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Global Electrical Testing Services Market Split by Product Types, with Sales, Revenue, Price, Market Share Analysis during the Forecast Year 2025

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The global Electrical Testing Services market was valued at xx million US$ in 2018 and will reach xx million US$ by the end of 2025, growing at a CAGR of xx% during 2019-2025.

This report focuses on Electrical Testing Services volume and value at global level, regional level and company level. From a global perspective, this report represents overall Electrical Testing Services market size by analyzing historical data and future prospect.

Regionally, this report categorizes the production, apparent consumption, export and import of Electrical Testing Services in North America, Europe, China, Japan, Southeast Asia and India.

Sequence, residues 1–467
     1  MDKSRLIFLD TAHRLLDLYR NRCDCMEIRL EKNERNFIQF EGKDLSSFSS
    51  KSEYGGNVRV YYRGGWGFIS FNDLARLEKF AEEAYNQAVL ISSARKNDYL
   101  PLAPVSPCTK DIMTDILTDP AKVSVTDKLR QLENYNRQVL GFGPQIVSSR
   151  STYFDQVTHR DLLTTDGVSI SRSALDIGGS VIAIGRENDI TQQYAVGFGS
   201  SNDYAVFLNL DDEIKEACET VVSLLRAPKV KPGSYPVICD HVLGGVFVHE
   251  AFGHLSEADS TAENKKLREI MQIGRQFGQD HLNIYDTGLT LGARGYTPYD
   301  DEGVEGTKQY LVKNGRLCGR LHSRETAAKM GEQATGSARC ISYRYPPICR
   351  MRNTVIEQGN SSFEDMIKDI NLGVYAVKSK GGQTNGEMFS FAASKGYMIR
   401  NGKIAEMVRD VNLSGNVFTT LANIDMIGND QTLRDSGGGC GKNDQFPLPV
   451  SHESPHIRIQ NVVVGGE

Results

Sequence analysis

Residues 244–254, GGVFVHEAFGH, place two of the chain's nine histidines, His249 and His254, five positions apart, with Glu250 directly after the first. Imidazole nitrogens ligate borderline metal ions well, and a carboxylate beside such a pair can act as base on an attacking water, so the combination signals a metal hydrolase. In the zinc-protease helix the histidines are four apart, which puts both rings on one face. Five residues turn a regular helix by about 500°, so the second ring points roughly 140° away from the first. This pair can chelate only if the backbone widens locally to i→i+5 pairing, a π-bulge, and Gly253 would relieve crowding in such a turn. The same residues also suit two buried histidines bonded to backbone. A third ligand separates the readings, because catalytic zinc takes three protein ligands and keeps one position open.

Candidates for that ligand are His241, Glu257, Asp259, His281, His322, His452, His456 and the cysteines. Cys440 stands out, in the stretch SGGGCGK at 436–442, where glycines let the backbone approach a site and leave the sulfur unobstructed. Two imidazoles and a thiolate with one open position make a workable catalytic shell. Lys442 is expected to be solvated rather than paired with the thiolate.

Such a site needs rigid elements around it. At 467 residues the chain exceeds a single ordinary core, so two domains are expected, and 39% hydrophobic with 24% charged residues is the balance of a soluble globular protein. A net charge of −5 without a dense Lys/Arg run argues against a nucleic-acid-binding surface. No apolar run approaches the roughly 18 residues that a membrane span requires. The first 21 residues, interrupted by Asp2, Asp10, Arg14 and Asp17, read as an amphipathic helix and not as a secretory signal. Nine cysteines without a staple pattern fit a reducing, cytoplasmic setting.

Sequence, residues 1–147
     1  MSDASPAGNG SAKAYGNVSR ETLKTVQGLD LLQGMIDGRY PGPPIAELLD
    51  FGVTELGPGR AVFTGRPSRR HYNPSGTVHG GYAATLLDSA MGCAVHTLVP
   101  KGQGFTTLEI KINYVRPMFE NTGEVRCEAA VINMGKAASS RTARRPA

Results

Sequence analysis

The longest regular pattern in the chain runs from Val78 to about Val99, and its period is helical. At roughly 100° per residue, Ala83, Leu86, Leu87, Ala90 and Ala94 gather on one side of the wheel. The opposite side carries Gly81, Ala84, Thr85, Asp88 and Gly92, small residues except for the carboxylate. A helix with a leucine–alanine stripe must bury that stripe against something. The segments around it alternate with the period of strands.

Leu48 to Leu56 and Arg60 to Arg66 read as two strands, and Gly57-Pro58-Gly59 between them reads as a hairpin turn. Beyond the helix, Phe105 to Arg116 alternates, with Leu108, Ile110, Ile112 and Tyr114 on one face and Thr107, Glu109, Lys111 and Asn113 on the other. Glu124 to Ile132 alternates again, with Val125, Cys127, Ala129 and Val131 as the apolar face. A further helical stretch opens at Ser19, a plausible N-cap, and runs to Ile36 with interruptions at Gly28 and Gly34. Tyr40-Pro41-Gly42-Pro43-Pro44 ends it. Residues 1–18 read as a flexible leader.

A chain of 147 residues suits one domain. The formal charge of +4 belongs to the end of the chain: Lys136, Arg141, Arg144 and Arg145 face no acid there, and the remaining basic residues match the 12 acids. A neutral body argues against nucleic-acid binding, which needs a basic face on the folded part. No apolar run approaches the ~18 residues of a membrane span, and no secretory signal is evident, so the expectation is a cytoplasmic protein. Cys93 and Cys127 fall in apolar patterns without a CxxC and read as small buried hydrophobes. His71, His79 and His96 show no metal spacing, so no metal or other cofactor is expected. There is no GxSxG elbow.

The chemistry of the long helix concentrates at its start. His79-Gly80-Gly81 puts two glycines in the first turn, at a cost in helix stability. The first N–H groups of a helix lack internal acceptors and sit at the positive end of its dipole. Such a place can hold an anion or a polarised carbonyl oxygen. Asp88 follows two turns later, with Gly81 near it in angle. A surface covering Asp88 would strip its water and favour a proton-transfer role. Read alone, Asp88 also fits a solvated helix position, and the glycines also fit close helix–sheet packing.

For each manufacturer covered, this report analyzes their Electrical Testing Services manufacturing sites, capacity, production, ex-factory price, revenue and market share in global market.

Access the PDF sample of the report @ https://www.orbisresearch.com/contacts/request-sample/3693239

The following manufacturers are covered:

Inel

Technomark

Voltech

Inser Hitech

Powertest

Rulka

Ultra Electric

JBS

Segment by Regions

North America

Europe

China

Japan

Southeast Asia

India

Segment by Type

Transformer Testing

Circuit Breaker Testing

Protection Testing

Battery Testing

Segment by Application

Power Generation Stations

Transmission & Distribution Stations

Steel Plants

Major Refineries

Railways

Browse the full report @ https://www.orbisresearch.com/reports/index/global-electrical-testing-services-market-professional-survey-report-2019